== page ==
Temperance for Today

The Progressive Policy Institute has suggested a new way of dealing with teen pregnancy. Or perhaps I should say they've rediscovered an old way. In a recent report the institute urged the administration to state clearly that it is "morally wrong" for unmarried teens to bear children, that becoming a single mother is "a selfish act," that fathering a child out of wedlock is "dishonorable." To many of us this may sound like rehashing the obvious; of course having children outside marriage is wrong. But to say so in a public policy statement represents a startling turnaround. For decades, policy makers have assiduously avoided the moral dimension to behavior. But today that dimension can no longer be ignored. Political commentators on the left and the right agree that the pathology of the inner city—from poverty to drug abuse to crime—is related to illegitimacy. To use the language of morality, it's related to sexual licentiousness. And the only way to cure that pathology is to restore a sense of moral duty—to cultivate the classic virtues. Take, for example, the virtue of temperance—or moderation, self-control. The Temperance Movement of the nineteenth century rescued millions of Americans from alcoholism. But temperance doesn't mean just laying off the bottle; it means controlling all our appetites. As C. S. Lewis explains, temperance refers "to all pleasures." The good things of life were created by God for our benefit, but too much of a good thing can be bad for us. Food is a gift from God, but we must not overindulge. Our homes and possessions are likewise gifts, but we must not live solely to acquire more things. Our sexuality is from God, too, but must be enjoyed in the right context, which is marriage. These are all examples of temperance. And the social pathologies plaguing the inner city reveal the bitter fruit of intemperance. In the counterculture of the 1960s, America's cultural elites rejected the traditional virtues of hard work and sexual restraint, in the name of liberation. Through advertising, movies, television, and popular music, these attitudes filtered to the rest of the culture—where they often spelled disaster. Upper-class college students might extol dropping out and turning on with drugs, but when practiced by ghetto youngsters it often meant addiction and death. Movies and rock music might glorify "recreational" sex, but when practiced by ghetto teenagers, it often led to illegitimacy and poverty. In his book The Dream and the Nightmare, Myron Magnet says the pathology of under-class culture is an exaggerated mirror of upper-class culture and its rejection of virtue. So it's encouraging that policy wonks at places like The Progressive Policy Institute are finally acknowledging the role of morality in our social disorders—and we should all engage in discourse on the moral basis of public policy. But none of us can afford to point the finger. When you and I fail to live virtuous lives, when we fail to encourage virtue in others, then we become responsible for the social break-down around us. In the end, public policy rests on private character.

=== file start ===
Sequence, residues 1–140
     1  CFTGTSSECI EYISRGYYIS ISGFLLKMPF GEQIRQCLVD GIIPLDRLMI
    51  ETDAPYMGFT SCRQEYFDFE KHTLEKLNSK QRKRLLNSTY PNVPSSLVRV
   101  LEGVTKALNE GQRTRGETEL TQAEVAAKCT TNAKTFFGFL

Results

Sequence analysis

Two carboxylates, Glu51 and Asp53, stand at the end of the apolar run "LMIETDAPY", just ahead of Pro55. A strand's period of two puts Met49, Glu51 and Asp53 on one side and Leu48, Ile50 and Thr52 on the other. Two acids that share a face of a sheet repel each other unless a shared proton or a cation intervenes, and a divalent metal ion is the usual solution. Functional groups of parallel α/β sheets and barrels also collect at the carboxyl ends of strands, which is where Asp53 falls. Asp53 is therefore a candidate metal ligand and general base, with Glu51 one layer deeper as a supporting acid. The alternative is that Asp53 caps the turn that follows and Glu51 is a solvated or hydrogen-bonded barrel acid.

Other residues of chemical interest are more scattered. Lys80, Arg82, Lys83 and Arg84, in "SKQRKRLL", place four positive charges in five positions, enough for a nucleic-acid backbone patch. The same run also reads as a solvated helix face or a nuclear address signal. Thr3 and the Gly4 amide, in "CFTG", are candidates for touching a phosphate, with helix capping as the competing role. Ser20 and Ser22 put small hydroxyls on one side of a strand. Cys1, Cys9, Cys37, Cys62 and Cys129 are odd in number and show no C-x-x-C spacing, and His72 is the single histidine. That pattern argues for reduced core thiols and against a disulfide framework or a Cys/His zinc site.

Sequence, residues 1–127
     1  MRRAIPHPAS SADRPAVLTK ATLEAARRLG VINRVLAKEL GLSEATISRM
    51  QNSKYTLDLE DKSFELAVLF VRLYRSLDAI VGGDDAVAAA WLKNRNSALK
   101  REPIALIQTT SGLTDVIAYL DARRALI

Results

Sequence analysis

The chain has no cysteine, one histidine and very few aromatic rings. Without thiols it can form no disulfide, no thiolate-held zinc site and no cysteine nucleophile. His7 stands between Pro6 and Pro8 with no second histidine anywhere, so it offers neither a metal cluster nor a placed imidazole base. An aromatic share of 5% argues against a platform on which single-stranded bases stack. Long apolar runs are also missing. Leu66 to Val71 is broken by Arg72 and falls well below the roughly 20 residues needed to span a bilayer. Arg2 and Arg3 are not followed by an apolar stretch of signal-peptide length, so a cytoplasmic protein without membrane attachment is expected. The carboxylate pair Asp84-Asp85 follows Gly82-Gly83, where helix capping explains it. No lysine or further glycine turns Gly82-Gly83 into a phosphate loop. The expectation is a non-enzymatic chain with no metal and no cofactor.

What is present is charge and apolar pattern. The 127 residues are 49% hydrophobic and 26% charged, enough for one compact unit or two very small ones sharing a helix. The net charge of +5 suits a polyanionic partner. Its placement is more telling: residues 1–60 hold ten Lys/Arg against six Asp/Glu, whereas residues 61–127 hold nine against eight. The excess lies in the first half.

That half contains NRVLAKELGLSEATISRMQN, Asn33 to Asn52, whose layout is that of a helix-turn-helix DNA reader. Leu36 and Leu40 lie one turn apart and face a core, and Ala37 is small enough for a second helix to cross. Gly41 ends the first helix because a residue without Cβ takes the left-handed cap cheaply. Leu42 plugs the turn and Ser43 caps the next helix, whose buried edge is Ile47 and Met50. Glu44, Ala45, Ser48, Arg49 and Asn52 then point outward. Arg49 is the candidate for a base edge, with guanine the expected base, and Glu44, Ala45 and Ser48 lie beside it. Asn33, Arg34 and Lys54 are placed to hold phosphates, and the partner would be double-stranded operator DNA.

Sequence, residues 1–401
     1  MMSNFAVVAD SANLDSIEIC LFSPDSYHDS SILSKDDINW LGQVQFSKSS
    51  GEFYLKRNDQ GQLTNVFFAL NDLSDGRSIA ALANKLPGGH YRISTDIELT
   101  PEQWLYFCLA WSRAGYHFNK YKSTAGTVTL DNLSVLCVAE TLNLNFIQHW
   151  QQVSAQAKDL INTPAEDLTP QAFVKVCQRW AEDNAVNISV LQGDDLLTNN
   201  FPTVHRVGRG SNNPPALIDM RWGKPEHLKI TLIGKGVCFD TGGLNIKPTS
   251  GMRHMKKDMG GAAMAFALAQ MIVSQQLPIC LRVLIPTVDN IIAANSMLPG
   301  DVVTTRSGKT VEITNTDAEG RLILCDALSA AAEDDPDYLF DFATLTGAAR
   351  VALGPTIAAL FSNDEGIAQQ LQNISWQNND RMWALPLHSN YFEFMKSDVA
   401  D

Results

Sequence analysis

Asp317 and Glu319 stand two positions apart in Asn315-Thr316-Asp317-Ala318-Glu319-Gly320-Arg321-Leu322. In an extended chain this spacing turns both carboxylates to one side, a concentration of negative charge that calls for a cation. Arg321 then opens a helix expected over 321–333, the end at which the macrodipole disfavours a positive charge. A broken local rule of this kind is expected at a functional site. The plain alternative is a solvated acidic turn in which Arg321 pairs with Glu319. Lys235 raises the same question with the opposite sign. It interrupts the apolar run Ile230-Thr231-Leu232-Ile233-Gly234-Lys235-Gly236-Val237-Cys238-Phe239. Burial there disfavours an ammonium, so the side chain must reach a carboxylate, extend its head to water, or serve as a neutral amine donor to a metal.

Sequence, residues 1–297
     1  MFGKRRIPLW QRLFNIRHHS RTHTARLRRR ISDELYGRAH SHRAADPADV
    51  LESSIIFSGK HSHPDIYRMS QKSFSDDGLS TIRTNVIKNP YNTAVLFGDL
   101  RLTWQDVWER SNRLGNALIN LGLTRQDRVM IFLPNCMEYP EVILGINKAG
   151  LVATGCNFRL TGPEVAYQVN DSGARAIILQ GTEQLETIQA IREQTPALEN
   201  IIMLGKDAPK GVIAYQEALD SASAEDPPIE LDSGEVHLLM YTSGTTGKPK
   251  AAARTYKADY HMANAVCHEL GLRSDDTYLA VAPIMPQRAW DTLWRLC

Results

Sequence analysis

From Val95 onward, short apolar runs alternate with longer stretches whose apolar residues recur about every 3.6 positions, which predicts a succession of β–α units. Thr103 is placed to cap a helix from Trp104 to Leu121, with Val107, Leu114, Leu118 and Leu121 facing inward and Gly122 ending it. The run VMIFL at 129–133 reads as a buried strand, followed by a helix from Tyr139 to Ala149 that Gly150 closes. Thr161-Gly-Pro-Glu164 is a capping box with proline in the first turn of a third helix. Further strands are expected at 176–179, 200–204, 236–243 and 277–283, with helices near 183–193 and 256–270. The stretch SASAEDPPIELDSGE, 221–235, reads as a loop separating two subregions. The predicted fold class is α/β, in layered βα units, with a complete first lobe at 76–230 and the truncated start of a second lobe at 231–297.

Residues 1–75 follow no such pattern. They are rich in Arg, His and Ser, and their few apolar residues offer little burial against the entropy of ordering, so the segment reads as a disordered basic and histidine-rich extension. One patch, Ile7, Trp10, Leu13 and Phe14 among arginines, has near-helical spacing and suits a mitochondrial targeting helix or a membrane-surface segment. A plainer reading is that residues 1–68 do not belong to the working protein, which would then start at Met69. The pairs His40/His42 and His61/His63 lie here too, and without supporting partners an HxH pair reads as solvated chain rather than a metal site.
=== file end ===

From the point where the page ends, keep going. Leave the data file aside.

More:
Chuck Colson


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